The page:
In the wake of the COVID-19 scare, China is tightening its aviation policies. International students will also have to accept higher fares in cases that are almost equivalent to losing their flights.The mood among international students has almost collapsed, and the comments of the forum of the General Administration of Civil Aviation of China is full of criticism. So I tackle the diverse experiences of Chinese students during lockdown in the UK. The work is entitled “14 Days” (14 days in isolation becomes an indicator for COVID-19 surveillance), a direct reference to the quarantine period in which the student has undertaken a personal and collective diary written onto the walls of my student dormitory in Birmingham.

The work investigates the idea of confined space, transferring my practice onto my surrounding walls, demonstrating how creativity has been adapted during the pandemic. Through this work, I hopes that calligraphy can have a direct contact with life and society.

Written record available at: http://www.bilibili.com/video/BV1ch411o7JP/ http://www.bilibili.com/video/BV1Hf4y1Q7Wi/ http://www.bilibili.com/video/BV1hv411i7Zd/ http://www.bilibili.com/video/BV17i4y1g7nX/ http://www.bilibili.com/video/BV1C64y1c7Xy/ http://www.bilibili.com/video/BV1aD4y127sE/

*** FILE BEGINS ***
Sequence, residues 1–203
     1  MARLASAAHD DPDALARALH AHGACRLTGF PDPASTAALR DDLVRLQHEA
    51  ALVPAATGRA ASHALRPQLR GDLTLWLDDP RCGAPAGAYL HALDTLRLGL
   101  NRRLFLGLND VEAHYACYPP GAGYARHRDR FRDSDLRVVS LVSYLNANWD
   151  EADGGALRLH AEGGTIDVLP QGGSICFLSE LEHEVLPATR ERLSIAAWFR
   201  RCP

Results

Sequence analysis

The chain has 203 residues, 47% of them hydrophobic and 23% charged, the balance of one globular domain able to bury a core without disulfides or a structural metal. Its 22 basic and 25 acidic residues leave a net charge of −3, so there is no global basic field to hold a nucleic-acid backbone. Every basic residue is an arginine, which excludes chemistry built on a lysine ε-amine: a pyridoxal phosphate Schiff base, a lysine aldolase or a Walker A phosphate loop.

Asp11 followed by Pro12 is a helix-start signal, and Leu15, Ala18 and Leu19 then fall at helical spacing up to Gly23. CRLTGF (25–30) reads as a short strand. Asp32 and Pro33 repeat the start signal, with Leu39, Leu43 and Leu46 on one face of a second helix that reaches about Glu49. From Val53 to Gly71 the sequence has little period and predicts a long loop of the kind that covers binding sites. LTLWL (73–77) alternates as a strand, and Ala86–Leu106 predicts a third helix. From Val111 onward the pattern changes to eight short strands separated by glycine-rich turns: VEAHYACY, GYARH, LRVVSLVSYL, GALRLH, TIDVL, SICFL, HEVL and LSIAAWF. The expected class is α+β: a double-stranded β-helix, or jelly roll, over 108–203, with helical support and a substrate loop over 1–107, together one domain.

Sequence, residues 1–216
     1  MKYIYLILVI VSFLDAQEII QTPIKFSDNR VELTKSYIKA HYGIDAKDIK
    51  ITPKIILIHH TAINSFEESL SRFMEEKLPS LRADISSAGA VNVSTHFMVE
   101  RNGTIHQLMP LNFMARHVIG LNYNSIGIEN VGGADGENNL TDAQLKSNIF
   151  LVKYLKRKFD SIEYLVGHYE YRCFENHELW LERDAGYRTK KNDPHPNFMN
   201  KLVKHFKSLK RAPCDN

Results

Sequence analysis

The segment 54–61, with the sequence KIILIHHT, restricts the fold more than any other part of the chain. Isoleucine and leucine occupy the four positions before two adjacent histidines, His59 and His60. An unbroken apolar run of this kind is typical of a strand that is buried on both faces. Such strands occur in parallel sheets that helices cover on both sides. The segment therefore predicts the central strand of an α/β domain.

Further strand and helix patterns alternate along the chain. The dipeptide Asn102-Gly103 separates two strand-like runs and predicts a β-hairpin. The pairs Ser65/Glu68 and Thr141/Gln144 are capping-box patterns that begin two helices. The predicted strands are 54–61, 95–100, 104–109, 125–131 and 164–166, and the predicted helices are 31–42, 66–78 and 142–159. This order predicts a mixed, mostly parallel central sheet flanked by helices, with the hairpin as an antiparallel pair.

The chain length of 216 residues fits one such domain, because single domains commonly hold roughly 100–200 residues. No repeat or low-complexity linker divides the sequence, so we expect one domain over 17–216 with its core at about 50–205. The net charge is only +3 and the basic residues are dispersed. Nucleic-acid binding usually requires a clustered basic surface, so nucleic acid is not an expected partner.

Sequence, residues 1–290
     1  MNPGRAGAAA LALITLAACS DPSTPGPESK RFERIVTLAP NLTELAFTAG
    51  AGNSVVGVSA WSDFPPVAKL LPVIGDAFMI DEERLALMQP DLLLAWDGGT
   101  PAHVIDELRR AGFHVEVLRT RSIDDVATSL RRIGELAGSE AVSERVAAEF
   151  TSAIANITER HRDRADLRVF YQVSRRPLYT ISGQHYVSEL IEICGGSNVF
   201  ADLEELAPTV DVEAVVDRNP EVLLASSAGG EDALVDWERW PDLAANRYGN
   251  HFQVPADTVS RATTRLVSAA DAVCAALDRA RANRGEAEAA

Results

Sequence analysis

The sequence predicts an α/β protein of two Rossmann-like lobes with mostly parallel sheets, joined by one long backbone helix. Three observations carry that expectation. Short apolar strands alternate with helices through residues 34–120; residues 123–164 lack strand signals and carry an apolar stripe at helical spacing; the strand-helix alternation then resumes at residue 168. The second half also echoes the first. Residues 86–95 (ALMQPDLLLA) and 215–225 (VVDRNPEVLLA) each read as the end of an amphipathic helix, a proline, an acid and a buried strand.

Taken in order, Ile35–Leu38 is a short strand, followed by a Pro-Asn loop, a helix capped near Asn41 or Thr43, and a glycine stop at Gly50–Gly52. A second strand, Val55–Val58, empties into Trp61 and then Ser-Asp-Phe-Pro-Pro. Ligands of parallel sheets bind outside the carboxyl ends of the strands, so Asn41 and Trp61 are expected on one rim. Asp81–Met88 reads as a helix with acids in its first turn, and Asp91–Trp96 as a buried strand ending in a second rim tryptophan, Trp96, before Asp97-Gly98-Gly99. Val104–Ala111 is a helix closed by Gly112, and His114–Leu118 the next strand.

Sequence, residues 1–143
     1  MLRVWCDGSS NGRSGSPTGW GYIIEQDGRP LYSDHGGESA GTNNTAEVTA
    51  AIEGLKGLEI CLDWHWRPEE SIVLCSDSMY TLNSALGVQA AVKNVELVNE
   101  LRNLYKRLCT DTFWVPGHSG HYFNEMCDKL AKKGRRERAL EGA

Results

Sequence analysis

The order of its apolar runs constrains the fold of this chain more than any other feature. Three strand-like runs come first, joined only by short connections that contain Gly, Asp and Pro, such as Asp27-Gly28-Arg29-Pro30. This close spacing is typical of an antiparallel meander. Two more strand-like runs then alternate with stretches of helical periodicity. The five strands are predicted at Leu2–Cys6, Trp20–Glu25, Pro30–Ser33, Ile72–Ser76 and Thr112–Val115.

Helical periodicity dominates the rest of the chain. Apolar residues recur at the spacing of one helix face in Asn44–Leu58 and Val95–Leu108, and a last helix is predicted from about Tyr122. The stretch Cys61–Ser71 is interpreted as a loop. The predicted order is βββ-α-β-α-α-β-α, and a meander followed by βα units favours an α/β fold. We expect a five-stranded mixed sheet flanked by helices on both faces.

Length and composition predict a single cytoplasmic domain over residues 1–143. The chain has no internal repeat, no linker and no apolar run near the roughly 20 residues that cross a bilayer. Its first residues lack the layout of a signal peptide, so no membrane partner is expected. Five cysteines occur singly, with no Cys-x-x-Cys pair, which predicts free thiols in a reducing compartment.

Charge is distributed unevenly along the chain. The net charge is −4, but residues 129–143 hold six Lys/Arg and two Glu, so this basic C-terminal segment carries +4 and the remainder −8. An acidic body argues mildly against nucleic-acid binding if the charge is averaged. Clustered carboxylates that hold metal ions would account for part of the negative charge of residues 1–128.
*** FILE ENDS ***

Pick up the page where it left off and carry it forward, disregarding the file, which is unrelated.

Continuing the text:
Character Doubt

A work that explores the literal meaning of “Modern Calligraphy”


Contemporary Art China is my second master’s degree, and I am also studying for another major of calligraphy and in China. I have always been interested in contemporary art, and I think calligraphy, as one of the characteristics of China, must be a unique style to be integrated into contemporary art. During this year, I have also been exploring the relationship between traditional and modern calligraphy.


jiayi xu@mail.bcu.ac.uk


Contemporary Arts China

Jia Song

We Are Fighters, 02’11”, 2020, video (color, sound)

We Are Fighters, 02’11”, 2020, video (color, sound)

We Are Fighters, 02’11”, 2020, video (color, sound)


I am Jia Song, I graduated from China Academy of Art and East China Normal University in China, and now I am studying for my second master’s degree at Birmingham City University.

Because of the Coronavirus, people stayed at home to fight against it. During the lockdown, there was a “Black Lives Matter “ protest held in Birmingham. I thus clipped the scenes of Birmingham city and the protest together. And I extracted Boris Johnson’s original words in the speech to the beginning of the video. I hope when you see my work, you will not only think about the pandemic, but also human rights and equality.




Contemporary Arts China